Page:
VETERAN Columbus North cross-country and track coach Rick Weinheimer remembers the first time he saw Lee Bridges run.
The year was 1982. Middle schools then were Grades 7-through-9 junior highs, and freshmen had to finish their junior high track season before they could run for the high school.
In Bridges’ first high school meet, he anchored the 4x400-meter relay in a sizzling 49.8 seconds.
“That’s when (head coach) Phil (Wasmuth) and I looked at each other like ‘This guy is something really special,’ and all that he did was improve from then on,” said Weinheimer, who was an assistant. “It seems like yesterday, even though it’s been 30 years since he graduated. He was my hero then, and he’s my hero now.”
Bridges, who became a two-time 400 state champion at North, is still running at the age of 47. And he’s still running fast.
Last month, Bridges captured the USA Track and Field Masters 45- to 49-year-old division in both the 400 and 200. He ran the 400 in 51.01 and the 200 in 23.18.
“(The 400) was a real competitive race,” Bridges said. “We had two guys that were competitive with me, so I enjoyed it quite a bit.
“(The 200) wasn’t as competitive of a race because a couple of the competitors ended up pulling out to run a relay,” he said. “By the time the 200 comes along, it’s the fourth day of the competition, so you just kind of want to get it done. It wasn’t as rewarding as the quarter, but it was still a nice win.”
The 5-foot-10, 159-pound Bridges, who lives in the Chicago suburb of Homewood, Illinois, was at Franklin College on Saturday to compete in the USATF Indiana Masters Championships. His goal was to break his age-group world record of 50.18 in the 400.
Bridges fell a little short but still won in 51.99.
“It wasn’t what I wanted,” Bridges said. “I wasn’t able to quite come through the 200 where I wanted to. If you don’t get it in the first half of the race, that’s about it.”
Although he was playing some tennis and indoor soccer and doing a little running to stay in shape, Bridges wasn’t satisfied.
“I was doing some 5Ks, and those are OK, but I read a book by a guy named Bill Collins, and one of the phrases he coins is ‘Why run far when you can run fast?’” Bridges said. “So I got back on the track and started doing track workouts, and then I came upon this club that trained at the same high school.”
So in 2009, Bridges began working out with Explosion Track Club. He started running track events again in 2010, running the 400 in the mid-50s and working his way down.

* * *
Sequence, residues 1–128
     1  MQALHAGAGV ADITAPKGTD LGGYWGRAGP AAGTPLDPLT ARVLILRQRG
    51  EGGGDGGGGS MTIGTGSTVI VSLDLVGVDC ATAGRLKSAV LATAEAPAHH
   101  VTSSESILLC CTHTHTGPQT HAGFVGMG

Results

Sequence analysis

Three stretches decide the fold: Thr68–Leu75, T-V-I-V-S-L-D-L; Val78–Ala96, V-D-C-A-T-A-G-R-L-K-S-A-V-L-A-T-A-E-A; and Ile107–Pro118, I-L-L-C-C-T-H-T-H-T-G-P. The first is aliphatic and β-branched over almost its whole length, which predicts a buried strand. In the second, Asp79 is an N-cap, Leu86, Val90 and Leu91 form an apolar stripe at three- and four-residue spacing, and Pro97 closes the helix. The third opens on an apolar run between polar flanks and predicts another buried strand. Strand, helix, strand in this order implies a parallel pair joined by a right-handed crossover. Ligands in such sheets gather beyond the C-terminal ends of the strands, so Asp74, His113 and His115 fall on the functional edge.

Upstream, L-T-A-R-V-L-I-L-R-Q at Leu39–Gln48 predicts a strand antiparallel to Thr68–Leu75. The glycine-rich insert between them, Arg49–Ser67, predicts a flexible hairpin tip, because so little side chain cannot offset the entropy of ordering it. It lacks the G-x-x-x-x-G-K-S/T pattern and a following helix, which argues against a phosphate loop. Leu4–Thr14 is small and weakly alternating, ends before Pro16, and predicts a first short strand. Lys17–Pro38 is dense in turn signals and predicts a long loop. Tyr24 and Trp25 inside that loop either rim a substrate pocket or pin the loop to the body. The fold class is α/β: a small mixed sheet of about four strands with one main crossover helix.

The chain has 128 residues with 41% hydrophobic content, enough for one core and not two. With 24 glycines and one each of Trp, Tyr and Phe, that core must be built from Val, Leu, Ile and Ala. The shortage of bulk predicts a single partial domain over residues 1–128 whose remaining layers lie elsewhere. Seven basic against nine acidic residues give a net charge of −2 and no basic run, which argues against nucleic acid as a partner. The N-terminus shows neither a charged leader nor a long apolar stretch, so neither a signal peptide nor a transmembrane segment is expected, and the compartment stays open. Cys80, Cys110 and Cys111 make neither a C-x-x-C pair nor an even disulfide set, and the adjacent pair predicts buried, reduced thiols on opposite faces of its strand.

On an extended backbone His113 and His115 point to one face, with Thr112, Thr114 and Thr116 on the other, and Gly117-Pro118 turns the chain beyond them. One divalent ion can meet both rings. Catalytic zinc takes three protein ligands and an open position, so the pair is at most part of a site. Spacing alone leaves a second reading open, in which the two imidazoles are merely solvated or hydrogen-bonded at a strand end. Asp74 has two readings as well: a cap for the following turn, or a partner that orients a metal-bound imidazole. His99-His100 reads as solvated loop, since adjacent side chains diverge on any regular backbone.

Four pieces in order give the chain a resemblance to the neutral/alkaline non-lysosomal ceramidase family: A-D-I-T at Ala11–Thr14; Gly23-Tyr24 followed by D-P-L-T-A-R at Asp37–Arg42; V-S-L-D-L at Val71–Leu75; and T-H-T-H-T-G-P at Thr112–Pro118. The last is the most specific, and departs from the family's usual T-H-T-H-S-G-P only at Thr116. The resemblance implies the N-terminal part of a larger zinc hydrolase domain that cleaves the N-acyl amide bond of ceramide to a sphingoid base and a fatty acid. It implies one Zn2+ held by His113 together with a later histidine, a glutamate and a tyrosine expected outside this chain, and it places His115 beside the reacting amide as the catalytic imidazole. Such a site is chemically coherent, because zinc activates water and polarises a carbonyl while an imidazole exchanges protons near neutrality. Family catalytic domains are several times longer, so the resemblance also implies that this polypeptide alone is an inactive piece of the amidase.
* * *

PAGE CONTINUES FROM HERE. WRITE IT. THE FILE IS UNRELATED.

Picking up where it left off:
“We have a good group of sprinters at our club, so you always have a benchmark to see how you’re doing,” Bridges said. “But I was surprised that I could pop off the times. That makes you hungry and go a little faster. Now, I want that 49-second quarter.”
Last year, Bridges ran a 50.9 400 and a 23.0 200. His personal-bests are 45.4 in the 400 and 20.8 in the 200 while at University of Illinois.
In 1988, Bridges ran the 400 in the Olympic Trials in Indianapolis and beat future gold medalist Michael Johnson in his heat.
Bridges still holds the North school record at 47.4. He holds the North Sectional records in the 100, 200 and 400.
“He was amazing,” said Wasmuth, who was boys track coach from 1976-91. “I don’t think he ever ran a 400 over 50. Even in dual meets, he was always in the 49, 48 range, and in the big meets, he was down in the 47s.”
Wasmuth remembers Bridges running a 46-second anchor leg in the 4x400 to make up 30 yards on the leader and give the Bull Dogs the 1985 regional team title.
“He was a great team leader,” Wasmuth said. “He was so special. He was a wonderful athlete, and he was every coach’s dream and I was fortunate enough to be there when he came through.”
Following Bridges’ senior year, Wasmuth let him keep his blue jersey with “NORTH” written across the chest. Bridges wore that same jersey Saturday at Franklin.
“When we got back after dinner and everything that Saturday night (after the 1985 state meet), usually when someone wins the state, there was a fire truck to meet them,” Wasmuth said. “I gave him a ride on my scooter and dropped him off at his house.”
One of the competitors Bridges beat for the state title, North Central’s Robert Thomas, now runs against Bridges in masters races. Thomas, who is currently injured, was the director of Saturday’s meet at Franklin.
“We’re just as competitive now as we were then,” Thomas said. “It doesn’t change any. He wants to win as bad as I want to win. For our age group, he’s one of the best in the world.”
Bridges said he plans to keep sprinting as long as it’s fun. He definitely wants to make it through the next couple years to get the world record, and then maybe try for the 50-54 age group record in three years.
“But I know that Father Time works against you, so each year gets harder to get that 50.1,” Bridges said.